as he sat chatting and swinging his foot rhythmically.
He was easily familiar, and frankly so. Wherever people
met young Ottenburg, in his office, on shipboard, in a
foreign hotel or railway compartment, they always felt
(and usually liked) that artless presumption which seemed
to say, "In this case we may waive formalities. We
really haven't time. This is to-day, but it will soon be
to-morrow, and then we may be very different people,
and in some other country." He had a way of floating
people out of dull or awkward situations, out of their
own torpor or constraint or discouragement. It was a
marked personal talent, of almost incalculable value in
the representative of a great business founded on social
amenities. Thea had liked him yesterday for the way in
which he had picked her up out of herself and her German
grammar for a few exciting moments.
"By the way, will you tell me your first name, please?
Thea? Oh, then you ARE a Swede, sure enough! I thought
so. Let me call you Miss Thea, after the German fashion.
You won't mind? Of course not!" He usually made his
assumption of a special understanding seem a tribute to the
other person and not to himself.
"How long have you been with Bowers here? Do you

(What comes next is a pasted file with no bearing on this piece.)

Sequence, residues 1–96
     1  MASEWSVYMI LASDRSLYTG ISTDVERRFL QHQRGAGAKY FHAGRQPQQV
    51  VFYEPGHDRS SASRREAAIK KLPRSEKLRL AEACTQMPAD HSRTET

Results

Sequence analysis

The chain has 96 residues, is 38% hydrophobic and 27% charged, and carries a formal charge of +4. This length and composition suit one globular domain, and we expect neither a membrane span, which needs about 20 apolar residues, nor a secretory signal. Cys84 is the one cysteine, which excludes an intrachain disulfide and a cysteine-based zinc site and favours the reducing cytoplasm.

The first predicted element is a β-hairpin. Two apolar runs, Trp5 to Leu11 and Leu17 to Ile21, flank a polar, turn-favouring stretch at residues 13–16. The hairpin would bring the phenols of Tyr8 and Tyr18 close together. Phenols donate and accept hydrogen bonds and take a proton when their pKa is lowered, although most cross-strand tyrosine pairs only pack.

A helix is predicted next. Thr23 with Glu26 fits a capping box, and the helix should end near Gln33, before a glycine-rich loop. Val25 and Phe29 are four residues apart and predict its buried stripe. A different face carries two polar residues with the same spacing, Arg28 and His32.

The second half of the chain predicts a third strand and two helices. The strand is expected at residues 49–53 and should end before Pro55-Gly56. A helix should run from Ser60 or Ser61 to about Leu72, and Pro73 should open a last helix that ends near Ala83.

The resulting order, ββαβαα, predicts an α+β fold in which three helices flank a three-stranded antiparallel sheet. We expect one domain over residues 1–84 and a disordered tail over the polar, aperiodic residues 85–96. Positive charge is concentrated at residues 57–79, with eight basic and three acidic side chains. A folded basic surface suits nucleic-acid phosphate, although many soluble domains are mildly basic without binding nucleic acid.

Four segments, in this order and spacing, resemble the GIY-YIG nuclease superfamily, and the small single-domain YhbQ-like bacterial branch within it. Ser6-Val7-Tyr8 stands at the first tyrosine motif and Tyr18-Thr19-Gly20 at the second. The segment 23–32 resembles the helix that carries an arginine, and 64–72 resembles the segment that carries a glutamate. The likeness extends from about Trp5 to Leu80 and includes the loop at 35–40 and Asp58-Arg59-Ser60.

like the old grouch? So do I. I've come to tell him about
a new soprano I heard at Bayreuth. He'll pretend not to
care, but he does. Do you warble with him? Have you
anything of a voice? Honest? You look it, you know.
What are you going in for, something big? Opera?"
Thea blushed crimson. "Oh, I'm not going in for any-
thing. I'm trying to learn to sing at funerals."
Ottenburg leaned forward. His eyes twinkled. "I'll
engage you to sing at mine. You can't fool me, Miss Thea.
May I hear you take your lesson this afternoon?"
"No, you may not. I took it this morning."
He picked up a roll of music that lay behind him on the
table. "Is this yours? Let me see what you are doing."
He snapped back the clasp and began turning over the
songs. "All very fine, but tame. What's he got you at this
Mozart stuff for? I shouldn't think it would suit your
voice. Oh, I can make a pretty good guess at what will
suit you! This from `Gioconda' is more in your line.
What's this Grieg? It looks interesting. TAK FOR DITT ROD.
What does that mean?"
"`Thanks for your Advice.' Don't you know it?"
"No; not at all. Let's try it." He rose, pushed open the
door into the music-room, and motioned Thea to enter be-